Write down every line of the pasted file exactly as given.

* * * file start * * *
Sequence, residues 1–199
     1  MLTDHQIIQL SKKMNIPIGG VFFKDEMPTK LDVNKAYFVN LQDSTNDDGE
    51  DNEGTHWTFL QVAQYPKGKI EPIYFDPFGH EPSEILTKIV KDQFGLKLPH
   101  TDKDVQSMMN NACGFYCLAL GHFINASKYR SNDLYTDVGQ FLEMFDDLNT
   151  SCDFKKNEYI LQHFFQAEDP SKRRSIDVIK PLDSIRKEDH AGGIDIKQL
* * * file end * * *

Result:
Sequence, residues 1–199
     1  MLTDHQIIQL SKKMNIPIGG VFFKDEMPTK LDVNKAYFVN LQDSTNDDGE
    51  DNEGTHWTFL QVAQYPKGKI EPIYFDPFGH EPSEILTKIV KDQFGLKLPH
   101  TDKDVQSMMN NACGFYCLAL GHFINASKYR SNDLYTDVGQ FLEMFDDLNT
   151  SCDFKKNEYI LQHFFQAEDP SKRRSIDVIK PLDSIRKEDH AGGIDIKQL